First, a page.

Simon, Cheryl Inez (1998) Gender, genre and globalization : discourses of "Femininity" in the popular culture of the 1990's. PhD thesis, Concordia University.
The thesis traces the discursive construction of gender and femininity in American popular crime stories, focusing on the years 1989-1994. I argue that popular notions of gender and femininity acquired new significance at this time and that the renegotiation of these concepts can be read in, enabled by and has had an impact on the conventions of film noir , detective fiction, and tabloid crime genres. In the 1980's and early 1990's, in conjunction with shifts in social concerns and the emergence of new discourses relating to sexuality, new representational technologies, and the intensification of economic globalization, the prior, popular understanding that there was a correspondence between gender and the body became destabilized in social discourse. Simultaneously the stability of representational practice, tout court , was undermined. At this time, a proliferation of narratives about women and crime that challenged the sex-gender relationship, appeared in popular culture. Asserting that gender was a social construction, many of these representations were also self-reflexive of their own constructedness and foregrounded their status as representation. In these instances, the concept of "gender parody" was raised through genre parody. These crime stories revived the styles, forms, genres and narrative preoccupations of post-WW II American popular culture to ironize the gender roles and social relations of these earlier representations. Other crime narratives raised the question of gender stability thematically, as an issue related to shifts in social roles, often bringing about changes in the genre's typical point-of-view structures. In all, the semantic value and symbolic position of "Woman" were contested. An examination of these representations foregrounds the manner in which the concept of gender has shifted over the last ten years, and since the second world war. It also highlights related transformations in popular generic forms. The thesis provides textual analyses of a selection of actual and fictional crime narratives to examine the ways in which femininity is constructed through the interaction of popular, feminist, political, economic, sociological, psychoanalytical and legal discourses, and to what ideological purpose.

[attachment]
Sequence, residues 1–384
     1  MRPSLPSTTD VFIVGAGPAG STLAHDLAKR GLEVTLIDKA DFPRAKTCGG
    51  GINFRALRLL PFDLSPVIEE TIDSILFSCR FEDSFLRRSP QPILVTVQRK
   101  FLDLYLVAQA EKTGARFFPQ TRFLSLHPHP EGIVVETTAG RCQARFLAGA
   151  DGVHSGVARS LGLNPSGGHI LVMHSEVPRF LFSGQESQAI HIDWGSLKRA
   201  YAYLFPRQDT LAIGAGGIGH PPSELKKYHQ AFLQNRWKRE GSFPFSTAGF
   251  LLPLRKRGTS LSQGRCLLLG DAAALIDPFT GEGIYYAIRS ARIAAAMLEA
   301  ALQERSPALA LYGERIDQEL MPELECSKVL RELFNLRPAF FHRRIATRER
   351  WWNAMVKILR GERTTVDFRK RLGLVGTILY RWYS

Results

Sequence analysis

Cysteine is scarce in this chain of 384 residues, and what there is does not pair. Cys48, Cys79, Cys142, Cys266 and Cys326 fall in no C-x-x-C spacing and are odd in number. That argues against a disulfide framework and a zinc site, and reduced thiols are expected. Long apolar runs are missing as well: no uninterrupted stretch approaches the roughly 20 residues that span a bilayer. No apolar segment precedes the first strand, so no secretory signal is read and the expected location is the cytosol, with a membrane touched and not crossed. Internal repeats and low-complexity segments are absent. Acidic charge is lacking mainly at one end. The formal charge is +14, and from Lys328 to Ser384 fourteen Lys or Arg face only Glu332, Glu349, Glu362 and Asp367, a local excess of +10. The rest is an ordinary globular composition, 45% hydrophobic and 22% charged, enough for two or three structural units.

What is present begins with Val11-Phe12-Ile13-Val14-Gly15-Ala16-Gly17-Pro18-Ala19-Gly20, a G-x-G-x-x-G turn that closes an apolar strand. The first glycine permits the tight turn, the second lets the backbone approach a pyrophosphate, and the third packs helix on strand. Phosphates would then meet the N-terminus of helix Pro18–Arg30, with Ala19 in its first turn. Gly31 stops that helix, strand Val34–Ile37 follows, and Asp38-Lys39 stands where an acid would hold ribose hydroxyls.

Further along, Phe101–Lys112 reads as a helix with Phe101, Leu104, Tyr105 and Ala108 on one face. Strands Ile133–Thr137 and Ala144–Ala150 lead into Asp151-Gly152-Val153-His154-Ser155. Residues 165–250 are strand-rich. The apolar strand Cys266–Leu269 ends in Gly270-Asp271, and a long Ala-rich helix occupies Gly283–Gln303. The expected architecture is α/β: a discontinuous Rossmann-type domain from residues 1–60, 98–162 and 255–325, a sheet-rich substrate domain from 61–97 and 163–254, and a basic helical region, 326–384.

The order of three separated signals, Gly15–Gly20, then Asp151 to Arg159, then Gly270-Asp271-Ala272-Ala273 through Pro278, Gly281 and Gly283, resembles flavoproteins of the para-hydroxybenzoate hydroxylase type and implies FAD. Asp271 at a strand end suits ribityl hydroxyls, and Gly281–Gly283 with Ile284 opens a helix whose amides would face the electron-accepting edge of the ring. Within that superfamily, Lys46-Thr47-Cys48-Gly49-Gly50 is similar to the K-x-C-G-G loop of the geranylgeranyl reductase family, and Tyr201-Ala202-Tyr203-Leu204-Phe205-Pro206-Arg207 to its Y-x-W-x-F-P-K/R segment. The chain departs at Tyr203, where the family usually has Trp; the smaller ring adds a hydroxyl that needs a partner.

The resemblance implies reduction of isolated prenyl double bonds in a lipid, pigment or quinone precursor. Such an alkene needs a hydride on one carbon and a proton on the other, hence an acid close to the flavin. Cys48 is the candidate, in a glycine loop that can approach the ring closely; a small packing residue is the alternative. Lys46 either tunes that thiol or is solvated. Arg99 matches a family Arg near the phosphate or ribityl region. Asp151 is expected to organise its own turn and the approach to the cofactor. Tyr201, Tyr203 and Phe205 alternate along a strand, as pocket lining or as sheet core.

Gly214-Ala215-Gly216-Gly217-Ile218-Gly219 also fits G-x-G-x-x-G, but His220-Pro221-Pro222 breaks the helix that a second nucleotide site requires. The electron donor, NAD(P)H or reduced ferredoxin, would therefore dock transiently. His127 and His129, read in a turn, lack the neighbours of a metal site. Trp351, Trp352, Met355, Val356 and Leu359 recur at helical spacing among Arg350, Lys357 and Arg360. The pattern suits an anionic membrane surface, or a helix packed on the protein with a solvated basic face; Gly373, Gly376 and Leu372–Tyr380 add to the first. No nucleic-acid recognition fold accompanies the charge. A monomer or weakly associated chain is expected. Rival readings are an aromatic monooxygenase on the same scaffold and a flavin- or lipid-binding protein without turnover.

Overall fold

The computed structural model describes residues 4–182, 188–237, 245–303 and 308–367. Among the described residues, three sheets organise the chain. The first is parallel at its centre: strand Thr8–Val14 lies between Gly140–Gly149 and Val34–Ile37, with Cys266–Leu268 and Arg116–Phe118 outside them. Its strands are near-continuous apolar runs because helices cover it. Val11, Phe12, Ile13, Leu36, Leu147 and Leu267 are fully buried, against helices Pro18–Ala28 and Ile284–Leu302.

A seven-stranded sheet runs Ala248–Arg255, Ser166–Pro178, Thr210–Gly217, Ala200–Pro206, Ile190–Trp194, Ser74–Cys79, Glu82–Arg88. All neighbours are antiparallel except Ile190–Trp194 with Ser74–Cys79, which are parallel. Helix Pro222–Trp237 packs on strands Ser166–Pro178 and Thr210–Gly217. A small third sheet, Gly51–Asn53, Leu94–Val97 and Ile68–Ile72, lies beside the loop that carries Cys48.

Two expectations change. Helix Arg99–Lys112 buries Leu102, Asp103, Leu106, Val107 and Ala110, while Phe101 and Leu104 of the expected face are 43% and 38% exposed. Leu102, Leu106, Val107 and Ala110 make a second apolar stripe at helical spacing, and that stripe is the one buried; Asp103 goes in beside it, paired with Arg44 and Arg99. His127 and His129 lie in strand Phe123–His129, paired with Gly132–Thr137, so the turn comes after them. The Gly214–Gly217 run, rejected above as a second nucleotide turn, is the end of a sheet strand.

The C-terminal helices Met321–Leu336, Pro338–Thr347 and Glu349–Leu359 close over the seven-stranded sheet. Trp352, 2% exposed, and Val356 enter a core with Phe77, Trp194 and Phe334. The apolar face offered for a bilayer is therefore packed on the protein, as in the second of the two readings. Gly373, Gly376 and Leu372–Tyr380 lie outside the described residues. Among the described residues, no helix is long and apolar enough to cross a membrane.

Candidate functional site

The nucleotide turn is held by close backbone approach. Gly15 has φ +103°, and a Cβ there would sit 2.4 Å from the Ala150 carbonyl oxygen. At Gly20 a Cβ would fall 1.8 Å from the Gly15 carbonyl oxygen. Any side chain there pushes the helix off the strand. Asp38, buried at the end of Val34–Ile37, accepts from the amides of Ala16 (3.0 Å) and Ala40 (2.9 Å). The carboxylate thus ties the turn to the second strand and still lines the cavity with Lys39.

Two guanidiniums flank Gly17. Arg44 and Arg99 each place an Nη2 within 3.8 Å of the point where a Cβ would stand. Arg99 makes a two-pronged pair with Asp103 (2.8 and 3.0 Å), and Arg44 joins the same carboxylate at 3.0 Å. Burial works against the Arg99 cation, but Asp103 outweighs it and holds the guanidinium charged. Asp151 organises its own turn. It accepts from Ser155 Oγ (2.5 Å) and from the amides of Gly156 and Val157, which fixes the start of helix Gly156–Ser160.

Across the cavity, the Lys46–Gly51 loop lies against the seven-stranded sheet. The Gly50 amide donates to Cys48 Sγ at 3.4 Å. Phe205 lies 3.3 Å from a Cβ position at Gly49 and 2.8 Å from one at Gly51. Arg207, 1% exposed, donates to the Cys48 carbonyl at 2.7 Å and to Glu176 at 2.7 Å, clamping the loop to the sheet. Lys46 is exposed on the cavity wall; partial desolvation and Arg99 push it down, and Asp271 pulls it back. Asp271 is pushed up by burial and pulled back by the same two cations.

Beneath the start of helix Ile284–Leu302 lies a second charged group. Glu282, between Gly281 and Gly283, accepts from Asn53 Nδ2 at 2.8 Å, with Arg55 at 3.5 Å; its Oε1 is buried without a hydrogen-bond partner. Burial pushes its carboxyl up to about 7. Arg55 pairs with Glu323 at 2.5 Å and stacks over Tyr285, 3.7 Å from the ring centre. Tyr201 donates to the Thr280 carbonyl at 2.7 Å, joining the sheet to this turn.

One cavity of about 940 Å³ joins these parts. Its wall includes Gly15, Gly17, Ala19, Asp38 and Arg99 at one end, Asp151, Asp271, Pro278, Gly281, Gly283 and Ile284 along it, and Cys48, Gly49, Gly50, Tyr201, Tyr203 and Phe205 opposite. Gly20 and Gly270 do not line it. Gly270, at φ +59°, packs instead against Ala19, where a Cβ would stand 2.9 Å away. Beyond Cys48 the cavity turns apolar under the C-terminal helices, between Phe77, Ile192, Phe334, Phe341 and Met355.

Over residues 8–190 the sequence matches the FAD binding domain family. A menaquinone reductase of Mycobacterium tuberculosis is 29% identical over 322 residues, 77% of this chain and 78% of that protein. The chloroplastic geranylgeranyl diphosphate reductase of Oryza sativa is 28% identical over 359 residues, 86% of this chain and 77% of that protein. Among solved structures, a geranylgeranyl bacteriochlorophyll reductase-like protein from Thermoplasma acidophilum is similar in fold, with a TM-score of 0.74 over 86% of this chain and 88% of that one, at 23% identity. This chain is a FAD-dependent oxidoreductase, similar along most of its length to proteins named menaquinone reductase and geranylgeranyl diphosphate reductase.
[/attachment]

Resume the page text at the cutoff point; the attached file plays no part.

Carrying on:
|Divisions:||Concordia University > Faculty of Arts and Science > Humanities: Interdisciplinary Studies|
Concordia University > School of Graduate Studies > Humanities: Interdisciplinary Studies
|Item Type:||Thesis (PhD)|
|Authors:||Simon, Cheryl Inez|
|Pagination:||viii, 338 leaves ; 29 cm.|
|Degree Name:||Theses (Ph.D.)|
|Thesis Supervisor(s):||Berland, Jody|
|Deposited By:||Concordia University Libraries|
|Deposited On:||27 Aug 2009 17:13|
|Last Modified:||04 Nov 2016 18:02|
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